When I was asked to write a piece entitled: “How to Succeed on YouTube” I was forced to admit that the success I have enjoyed online has been due more to the actions of others than my own. I set a goal of achieving 1 Million video views in my first 100 days on the site and was lucky enough to hit that goal on the 83rd day (which was ironically Christmas morning — Thanks Santa!) and by the time the 100th day came around, I had over 1.5 Million combined video views! I credit the YouTube community for having supported me in achieving this goal, but there are some little things you can do to better the chances of your videos being seen by those who will help you achieve your own goals. Because I have spent more time than I am willing to admit on YouTube, I have a few thoughts on what makes for successful videos and channels. I have broken down this article into two parts. The first part touches on what I consider to be the most popular videos, and the second will cover little things I think you can do to help your videos get the views you are hoping for.
Part I: Popular Videos Elicit A Reaction.
All popular videos have something in common: they elicit a reaction from the viewers. These videos make you laugh, make you smile, make you sing and dance, teach you something, or just simply make you say “Wow, that is amazing!” Such videos come in all forms and lengths, and include the following: Read more >>
With the seemingly endless number of social sites popping up all over the web, venturing into the world of Social Media and community voting sites can be an exercise in masochism, if you’re not careful. Every site has its own community, its own culture, its own etiquette and its own set of rules & regulations that users are expected to adhere to.
Unlike many social voting based sites, like Digg and Reddit – which tend to have an inherent hostility toward the search marketing industry – Sphinn, which was started by the team at Search Engine Land, caters specifically to the Internet marketing community. Much like other voting sites, the ultimate goal is to generate enough votes to make it to the “Hot Topics” page, which will expose the content to the biggest Sphinn audience.
Being that Sphinn was created by, is moderated by and its community is made up of Internet marketers, it’s no place for the faint of heart. As a rule, the community is somewhat suspicious of newcomers initially and there are some dues to pay before you’re welcomed into the fold. Spammers, the thin-skinned and whiners need not apply. Don’t believe me? Here’s a taste of what my first few weeks at Sphinn were like… Read more >>
As more and more companies jump on the social media bandwagon, they’re beginning to realize that running an SMM (social media marketing) campaign isn’t always as easy as it looks. It’s not like you sign up on Twitter, send out a few meaningless Tweets, and then experience a sudden surge in business. Social media marketing requires a long term commitment, and the results are not always easy to measure.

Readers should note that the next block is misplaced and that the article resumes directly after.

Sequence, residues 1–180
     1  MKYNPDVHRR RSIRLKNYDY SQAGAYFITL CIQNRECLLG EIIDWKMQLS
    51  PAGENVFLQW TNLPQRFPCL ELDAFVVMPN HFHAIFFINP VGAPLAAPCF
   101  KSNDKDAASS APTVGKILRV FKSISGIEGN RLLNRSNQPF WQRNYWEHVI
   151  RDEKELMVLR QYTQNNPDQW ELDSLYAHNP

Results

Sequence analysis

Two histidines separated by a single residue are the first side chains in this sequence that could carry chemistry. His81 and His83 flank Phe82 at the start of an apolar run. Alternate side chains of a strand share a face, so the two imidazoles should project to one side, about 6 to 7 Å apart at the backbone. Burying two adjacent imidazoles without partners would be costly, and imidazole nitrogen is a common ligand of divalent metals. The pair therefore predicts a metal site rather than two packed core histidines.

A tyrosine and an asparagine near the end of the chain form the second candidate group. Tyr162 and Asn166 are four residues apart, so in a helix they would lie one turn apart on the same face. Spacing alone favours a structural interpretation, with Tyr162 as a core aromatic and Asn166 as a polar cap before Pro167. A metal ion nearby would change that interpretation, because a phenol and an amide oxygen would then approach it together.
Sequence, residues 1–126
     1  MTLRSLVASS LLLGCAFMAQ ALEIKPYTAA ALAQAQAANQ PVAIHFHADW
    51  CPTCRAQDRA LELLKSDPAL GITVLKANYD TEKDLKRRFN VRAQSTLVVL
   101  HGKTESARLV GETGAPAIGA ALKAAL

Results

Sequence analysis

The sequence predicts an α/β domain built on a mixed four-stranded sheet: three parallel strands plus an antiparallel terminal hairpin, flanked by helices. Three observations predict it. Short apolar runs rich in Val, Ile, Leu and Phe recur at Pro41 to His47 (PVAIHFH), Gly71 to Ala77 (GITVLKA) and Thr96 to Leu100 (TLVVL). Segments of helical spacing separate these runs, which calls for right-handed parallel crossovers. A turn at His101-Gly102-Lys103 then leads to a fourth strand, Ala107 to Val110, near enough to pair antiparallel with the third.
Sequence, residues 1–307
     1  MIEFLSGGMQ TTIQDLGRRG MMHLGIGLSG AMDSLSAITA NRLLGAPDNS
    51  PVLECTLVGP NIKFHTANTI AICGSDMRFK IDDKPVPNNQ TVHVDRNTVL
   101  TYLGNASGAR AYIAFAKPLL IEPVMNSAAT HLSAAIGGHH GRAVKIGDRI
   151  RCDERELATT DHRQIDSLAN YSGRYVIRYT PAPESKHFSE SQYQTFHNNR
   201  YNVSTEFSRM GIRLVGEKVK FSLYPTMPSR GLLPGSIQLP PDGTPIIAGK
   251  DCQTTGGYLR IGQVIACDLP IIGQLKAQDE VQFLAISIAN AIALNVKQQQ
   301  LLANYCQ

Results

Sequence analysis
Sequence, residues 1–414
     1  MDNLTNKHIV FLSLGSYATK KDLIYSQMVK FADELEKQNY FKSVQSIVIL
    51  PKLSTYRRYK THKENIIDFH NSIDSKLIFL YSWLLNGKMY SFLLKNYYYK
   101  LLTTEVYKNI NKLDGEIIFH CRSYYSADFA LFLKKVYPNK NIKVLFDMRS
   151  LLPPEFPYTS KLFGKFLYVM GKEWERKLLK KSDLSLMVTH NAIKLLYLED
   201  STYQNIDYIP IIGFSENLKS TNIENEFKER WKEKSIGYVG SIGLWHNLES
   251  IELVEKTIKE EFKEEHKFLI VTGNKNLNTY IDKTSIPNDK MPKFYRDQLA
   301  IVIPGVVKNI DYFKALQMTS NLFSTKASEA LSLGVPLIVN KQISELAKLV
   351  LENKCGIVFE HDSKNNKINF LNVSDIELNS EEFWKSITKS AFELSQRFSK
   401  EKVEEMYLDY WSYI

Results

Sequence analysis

Today, I want to talk about some of the challenges you’ll face when you start an SMM campaign. By knowing what you’re up against, you’ll be better prepared to avoid these common pitfalls.
• Finding the time—Personally, this is my biggest challenge. I run a one-man show, so it’s overwhelming finding the time to do all of my work plus staying active on social media outlets. But here’s the thing you (and I) have to realize: Marketing can never be placed on the backburner. It’s just as important as doing your actual work. Marketing should be something you do day in and day out. It’s the only way you’ll ever gain any attention and build a following on the social networks. I recommend scheduling time each day (maybe in 10 or 15 minute blocks a few times each day) for handling your SMM business. Consistency is key.
• Handling negative comments—This is usually the challenge that leads to a company spiraling out of control with their SMM campaign. Look, at some point, someone is going to say something about you or your company that you won’t like. It might be a comment on your blog or a random Tweet, but how you handle it will determine how successful you’ll be with your social media campaign. The thing is there isn’t really one set method of handling negative comments. For me, if the comment isn’t just pure hate, I take the time to respond thoughtfully, letting the person know I respect their opinion and asking them some well thought out questions. There’s nothing wrong with a polite conversation between two people who disagree. However, if the comment is just pure Internet hate, it’s probably best just to ignore it.
• Balancing personality with professionalism—This can be a tricky challenge to overcome. The whole point of social media is to be personable and to connect with your audience. This means you can’t come across as a corporate stiff shirt. However, you also don’t want to be too informal and risk creating a negative image for your company. My suggestion is to find a balance of the two. Obviously, you probably shouldn’t post pictures of yourself doing a body shot at the bar, but you also want to avoid sounding like a corporate robot. Simply put, just be yourself, but always proofread everything before you post.